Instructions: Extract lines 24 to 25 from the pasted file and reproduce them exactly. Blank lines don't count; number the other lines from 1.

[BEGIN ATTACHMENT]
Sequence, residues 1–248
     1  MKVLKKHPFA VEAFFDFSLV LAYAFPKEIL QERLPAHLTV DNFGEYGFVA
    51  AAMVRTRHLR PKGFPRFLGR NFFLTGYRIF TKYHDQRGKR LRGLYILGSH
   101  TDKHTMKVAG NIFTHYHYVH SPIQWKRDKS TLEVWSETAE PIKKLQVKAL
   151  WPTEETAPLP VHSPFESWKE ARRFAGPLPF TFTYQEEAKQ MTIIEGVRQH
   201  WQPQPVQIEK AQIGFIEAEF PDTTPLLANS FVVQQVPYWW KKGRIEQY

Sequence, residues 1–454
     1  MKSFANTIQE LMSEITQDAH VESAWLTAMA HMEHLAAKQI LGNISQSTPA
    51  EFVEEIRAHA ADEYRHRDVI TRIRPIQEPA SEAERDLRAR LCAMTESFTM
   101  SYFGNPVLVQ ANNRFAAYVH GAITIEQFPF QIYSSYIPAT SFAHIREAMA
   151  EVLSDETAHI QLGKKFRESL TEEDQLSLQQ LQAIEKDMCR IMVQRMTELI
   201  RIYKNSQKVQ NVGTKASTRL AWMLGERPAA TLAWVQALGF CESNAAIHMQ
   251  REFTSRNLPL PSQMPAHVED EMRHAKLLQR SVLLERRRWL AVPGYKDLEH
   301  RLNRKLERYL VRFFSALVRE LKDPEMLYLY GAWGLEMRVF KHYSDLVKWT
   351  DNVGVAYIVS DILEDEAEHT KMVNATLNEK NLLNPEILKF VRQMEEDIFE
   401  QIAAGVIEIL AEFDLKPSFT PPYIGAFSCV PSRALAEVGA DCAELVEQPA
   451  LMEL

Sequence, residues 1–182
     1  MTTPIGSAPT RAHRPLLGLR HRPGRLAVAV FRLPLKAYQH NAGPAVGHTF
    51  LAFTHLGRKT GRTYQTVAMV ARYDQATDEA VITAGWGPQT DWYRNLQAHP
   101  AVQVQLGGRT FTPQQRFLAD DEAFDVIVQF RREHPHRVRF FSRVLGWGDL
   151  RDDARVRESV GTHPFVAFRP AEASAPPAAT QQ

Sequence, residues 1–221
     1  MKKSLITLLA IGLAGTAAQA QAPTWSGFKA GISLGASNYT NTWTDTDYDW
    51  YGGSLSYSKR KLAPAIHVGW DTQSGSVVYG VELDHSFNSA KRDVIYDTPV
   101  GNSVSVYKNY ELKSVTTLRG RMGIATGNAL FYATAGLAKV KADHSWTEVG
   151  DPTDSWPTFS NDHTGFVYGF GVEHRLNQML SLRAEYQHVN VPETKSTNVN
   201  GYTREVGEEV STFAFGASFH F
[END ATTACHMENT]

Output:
     1  MKKSLITLLA IGLAGTAAQA QAPTWSGFKA GISLGASNYT NTWTDTDYDW
    51  YGGSLSYSKR KLAPAIHVGW DTQSGSVVYG VELDHSFNSA KRDVIYDTPV